By 1880 the criminal trial as an institution had become standardized around the West to the point that readers on many continents found little that was unfamiliar in Dostoevsky's account of the murder proceedings against Dmitri Karamazov. The lawyers popping up with objections, the witness box and table of evidentiary exhibits, the sensation-seekers filling the gallery -- all were as common to the courthouses of San Francisco or Paris as to those of late-czarist Russia. Go back a few centuries to premodern Europe, though, and the forms of justice can seem to our eyes indescribably strange: trial by ordeal, by combat or by compurgation (the collecting of oaths from supporters) and so forth.
And yet the march of progress is not always quite so apparent. We may smile at the premodern practice of putting a pig or haystack on trial for having caused harm to a human being, yet our contemporary law abounds in forfeiture and pure-food cases with headings like United States v. 900 Cases of Peaches (1975) and United States v. One 1967 Pontiac Bonneville Convertible (1973).
Sadakat Kadri, a criminal defense lawyer who has studied and practiced in both Britain and the U.S., now gives us "The Trial" (Random House, 459 pages, $29.95), a colorful work of popular history that ranges across the centuries from the familiar (Scopes, Nuremberg, O.J.) to the obscure: e.g., Sir Edward Coke's 1603 prosecution of Sir Walter Raleigh for treason and Clarence Darrow's 1926 defense of Henry Sweet, a 22-year-old black student in Detroit charged with shooting a member of a white mob besieging his brother's house.
Mr. Kadri's aim is to assemble a history of the criminal trial that is driven by "stories rather than theories." Such an approach allows him to indulge a penchant for the grotesque, the extreme and the ribald without quite losing sight of the bigger picture -- the difficulty of reconciling the cause of truth-finding with the imperatives of ritual and drama.
The continuities between past and present are many. Battles over jury selection, so typical today in big trials, propel the plot of Burnt Njal, a medieval Icelandic saga involving arson-murder and bloody retribution. The tendentious interpretation of ambiguous marks on witnesses' bodies -- a hideous aspect of the witch hysteria of the 16th and 17th centuries -- reappears in the child-abuse prosecutions of our own era. Denunciation boxes, into which citizens dropped accusing notes in Inquisition times, popped up in police stations across Russia in the 1930s. Hype-fraught celebrity trials? They date back pretty much forever and serve useful purposes, such as calling attention to social problems that would never stir public debate if left abstract.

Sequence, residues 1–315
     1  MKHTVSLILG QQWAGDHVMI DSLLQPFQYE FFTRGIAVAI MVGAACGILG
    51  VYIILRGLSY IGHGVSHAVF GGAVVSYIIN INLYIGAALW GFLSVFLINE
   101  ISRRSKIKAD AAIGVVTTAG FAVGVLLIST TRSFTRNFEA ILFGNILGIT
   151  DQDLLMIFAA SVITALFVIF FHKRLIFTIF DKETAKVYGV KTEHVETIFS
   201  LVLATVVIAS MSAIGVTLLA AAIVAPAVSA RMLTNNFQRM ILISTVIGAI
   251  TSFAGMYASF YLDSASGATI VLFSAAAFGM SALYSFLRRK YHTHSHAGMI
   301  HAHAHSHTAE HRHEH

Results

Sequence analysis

Mr. Kadri practices in London as a member of Doughty Street Chambers, a group of barristers known as champions of liberal-left thinking on civil liberties; in the U.S., he has spent some time working for the American Civil Liberties Union. His ACLU-ish views -- suspicious of police and the military, eager to expand our notions of due process -- are much in evidence on topics ranging from juvenile justice to international criminal tribunals. Still, his storytelling skill and feel for human detail make this book pleasurable and instructive no matter what the reader's own views may be.
Some incidents and remarks are especially memorable. On the dodgy uses of piety in the Dark Ages, Mr. Kadri notes: "Swearing falsely on a saint's relics was ordinarily a one-way ticket to hell, but if the reliquary was empty -- because, for example, the testifier had secretly removed its contents -- a person could swear that black was white with no ill effects at all." Regarding the emotionally manipulative style of some courtroom champions, Mr. Kadri finds plenty of precedent. He quotes the 1897 Tennessee Supreme Court, which said that "tears have always been considered legitimate arguments before a jury. Indeed, if counsel has them at his command, it may be seriously questioned whether it is not his professional duty to shed them whenever proper occasion arises."
As for glittering but empty turns of courtroom rhetoric, Johnnie Cochran was just building on a tradition that goes back to Shakespeare's time. "Elizabethan schoolboys," Mr. Kadri writes, "were commonly taught adoxography, the art of eruditely praising worthless things....The first English treatise on the subject appeared in 1593 and contained essays celebrating deformity, ugliness, poverty, blindness, drunkenness, sterility, and stupidity. Its preface claimed that it would be particularly useful to lawyers."
The Enlightenment and later reforms de-emphasized the ritual aspects of the justice process in favor of stronger fact-finding, yet trials, Mr. Kadri notes, "have always performed a function that goes far beyond that of establishing who did what to whom." True enough, but he goes on to craft a flawed if flashy epigram: "To judge trials in terms of their efficiency makes not much more sense than it would to assess a wedding or a funeral by its accuracy."
Is accuracy really so easily deprecated as all that? It's hard to imagine a more fundamental objection to a wedding or a funeral -- or to a criminal charge -- than: Hey, you've got the wrong guy!
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